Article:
What does Trump mean for Latin America?
The result of the U.S. presidential elections has called into question the future of U.S.-Latin America relations. Although President-elect Donald Trump did not articulate a detailed foreign policy approach towards Latin America during his campaign, trade and immigration—two of the key topics of the Trump campaign—are likely to dominate the agenda across the continent. Mexico is expected to be the hardest hit, and this goes beyond Trump’s relentless promise that his administration would build a wall between the two countries to stem the flow of illegal immigration. South American countries will be off the administration’s radar, although there is a high risk that protectionist policies could damage some of the countries’ agricultural exports to the U.S.
Investors in Mexico are nervous about Trump’s protectionist policies, and this was quite evident when the peso took a plunge on election day and fell further immediately thereafter. The currency, which had acted as a barometer throughout the presidential campaign, took the largest nosedive on record as it became clear that Trump’s promise to renegotiate the North American Free Trade Agreement (NAFTA) and build the now infamous wall could come to fruition. For now, the shock has been felt in consumer and business confidence, which could have some near-term effects in the form of weaker household consumption and reduced fixed investment. Should Trump follow through on his pledge to modify NAFTA or impose trade barriers, Mexico’s economy will be affected substantially as the economic ties between the two nations are strong, owing largely to NAFTA. The long-term effects on Mexico will largely depend on the extent to which Trump pursues his protectionist agenda.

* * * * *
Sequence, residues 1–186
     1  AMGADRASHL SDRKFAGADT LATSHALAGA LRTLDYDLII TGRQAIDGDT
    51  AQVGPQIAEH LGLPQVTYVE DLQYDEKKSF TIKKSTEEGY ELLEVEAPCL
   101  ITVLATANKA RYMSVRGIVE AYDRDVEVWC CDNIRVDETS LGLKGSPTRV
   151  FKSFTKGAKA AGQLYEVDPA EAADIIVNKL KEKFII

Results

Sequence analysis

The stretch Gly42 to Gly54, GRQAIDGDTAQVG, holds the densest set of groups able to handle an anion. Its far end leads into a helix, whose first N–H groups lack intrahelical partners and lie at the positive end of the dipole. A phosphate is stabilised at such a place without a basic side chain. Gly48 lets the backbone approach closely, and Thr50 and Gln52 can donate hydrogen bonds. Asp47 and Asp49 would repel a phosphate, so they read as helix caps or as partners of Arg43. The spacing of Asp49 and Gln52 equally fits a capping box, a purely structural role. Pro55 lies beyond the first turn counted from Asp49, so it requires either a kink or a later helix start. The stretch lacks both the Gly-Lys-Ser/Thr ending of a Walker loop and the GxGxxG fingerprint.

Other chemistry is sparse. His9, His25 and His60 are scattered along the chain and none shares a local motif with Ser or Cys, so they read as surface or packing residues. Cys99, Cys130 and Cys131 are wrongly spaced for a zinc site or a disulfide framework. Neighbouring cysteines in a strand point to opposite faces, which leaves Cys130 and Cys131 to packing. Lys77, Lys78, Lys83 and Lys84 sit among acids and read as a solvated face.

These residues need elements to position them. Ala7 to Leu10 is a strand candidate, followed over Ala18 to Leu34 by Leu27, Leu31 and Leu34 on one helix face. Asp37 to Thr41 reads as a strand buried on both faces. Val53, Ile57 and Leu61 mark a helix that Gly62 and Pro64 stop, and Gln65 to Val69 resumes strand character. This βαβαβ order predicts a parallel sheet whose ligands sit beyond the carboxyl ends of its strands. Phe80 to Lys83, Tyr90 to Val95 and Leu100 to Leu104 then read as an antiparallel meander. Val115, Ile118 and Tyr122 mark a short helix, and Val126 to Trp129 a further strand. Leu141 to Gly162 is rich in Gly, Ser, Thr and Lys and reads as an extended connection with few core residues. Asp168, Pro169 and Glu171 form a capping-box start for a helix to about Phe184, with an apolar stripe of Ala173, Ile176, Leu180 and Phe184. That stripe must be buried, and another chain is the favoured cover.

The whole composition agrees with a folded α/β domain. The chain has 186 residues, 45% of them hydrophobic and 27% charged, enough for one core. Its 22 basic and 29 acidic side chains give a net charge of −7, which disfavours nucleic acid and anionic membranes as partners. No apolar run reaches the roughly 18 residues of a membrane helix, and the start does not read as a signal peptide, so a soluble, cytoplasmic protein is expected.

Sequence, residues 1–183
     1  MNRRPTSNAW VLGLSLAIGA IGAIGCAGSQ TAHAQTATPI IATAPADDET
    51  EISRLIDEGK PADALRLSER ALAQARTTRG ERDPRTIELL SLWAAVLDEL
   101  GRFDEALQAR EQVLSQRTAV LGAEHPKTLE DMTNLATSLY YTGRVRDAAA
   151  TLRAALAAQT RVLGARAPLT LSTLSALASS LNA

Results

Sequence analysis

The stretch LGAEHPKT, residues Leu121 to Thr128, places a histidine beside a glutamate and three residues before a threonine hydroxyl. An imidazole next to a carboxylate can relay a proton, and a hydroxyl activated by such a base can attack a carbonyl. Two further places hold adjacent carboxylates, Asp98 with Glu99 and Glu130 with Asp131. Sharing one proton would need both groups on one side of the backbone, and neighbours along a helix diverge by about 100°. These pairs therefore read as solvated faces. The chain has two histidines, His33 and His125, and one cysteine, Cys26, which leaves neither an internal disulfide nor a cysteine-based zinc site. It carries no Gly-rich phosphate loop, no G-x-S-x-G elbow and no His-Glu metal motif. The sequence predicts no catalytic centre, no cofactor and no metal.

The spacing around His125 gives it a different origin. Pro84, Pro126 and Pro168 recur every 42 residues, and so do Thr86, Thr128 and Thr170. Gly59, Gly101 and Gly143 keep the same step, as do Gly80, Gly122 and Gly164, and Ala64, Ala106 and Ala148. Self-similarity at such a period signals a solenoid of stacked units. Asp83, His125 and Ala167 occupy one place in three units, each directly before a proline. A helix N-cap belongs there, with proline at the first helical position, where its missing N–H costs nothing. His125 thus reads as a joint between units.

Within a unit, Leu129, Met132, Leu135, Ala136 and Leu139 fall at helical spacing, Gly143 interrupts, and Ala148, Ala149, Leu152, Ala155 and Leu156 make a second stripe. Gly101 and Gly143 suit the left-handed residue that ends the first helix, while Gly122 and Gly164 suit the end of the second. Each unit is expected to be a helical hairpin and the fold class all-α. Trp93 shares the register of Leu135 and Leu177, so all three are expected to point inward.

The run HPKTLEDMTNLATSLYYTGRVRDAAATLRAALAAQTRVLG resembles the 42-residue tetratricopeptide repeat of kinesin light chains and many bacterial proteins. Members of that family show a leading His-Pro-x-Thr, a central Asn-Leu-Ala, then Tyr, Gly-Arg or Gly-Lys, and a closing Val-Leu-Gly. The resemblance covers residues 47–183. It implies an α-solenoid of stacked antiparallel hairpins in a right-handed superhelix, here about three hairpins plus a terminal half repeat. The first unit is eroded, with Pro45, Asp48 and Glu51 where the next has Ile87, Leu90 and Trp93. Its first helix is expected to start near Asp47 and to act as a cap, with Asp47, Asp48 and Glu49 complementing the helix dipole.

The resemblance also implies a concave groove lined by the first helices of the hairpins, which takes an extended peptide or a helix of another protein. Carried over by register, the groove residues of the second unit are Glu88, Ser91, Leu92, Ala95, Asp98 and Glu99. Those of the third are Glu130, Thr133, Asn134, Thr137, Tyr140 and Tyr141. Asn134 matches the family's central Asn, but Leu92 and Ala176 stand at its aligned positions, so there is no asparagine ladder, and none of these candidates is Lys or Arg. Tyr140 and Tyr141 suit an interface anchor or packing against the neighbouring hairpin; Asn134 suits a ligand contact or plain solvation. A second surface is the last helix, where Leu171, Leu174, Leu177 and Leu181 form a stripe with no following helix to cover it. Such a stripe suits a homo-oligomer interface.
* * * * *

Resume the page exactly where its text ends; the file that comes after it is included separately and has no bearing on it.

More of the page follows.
Other trade relations could also be affected, in fact, it was recently announced that the Trans-Pacific Partnership (TPP), a free trade agreement (FTA) that incorporates 12 countries, including Chile, Mexico and Peru, has been abandoned. The U.S. already has FTAs with Chile and Peru, which have escaped Trump’s anti-trade rhetoric so far. Nevertheless, that the President-elect has given no attention to those treaties may reflect that manufactured exports from these countries to the U.S. are quite low, although the TPP would have helped to facilitate easier access to the American market for such exports.
The United States has had little engagement with South American countries, despite President Barack Obama’s promise of a “new chapter of engagement” with the country’s southern neighbors and improvements in trade facilitation. South America, Brazil in particular, appears to be out of the line of sight of the new administration and it is unlikely that there will be more active policies under Trump’s government. Nevertheless, U.S. agricultural companies lobbying Trump to introduce tariffs and non-tariff barriers on certain products represents a greater risk to South American economies. Tariffs on raw materials such as ethanol and steel could hurt Brazil, while greater U.S. protectionism against imports such as soybeans and other grains could cloud the outlook for U.S.-Argentina relations.
Source: Focus Economics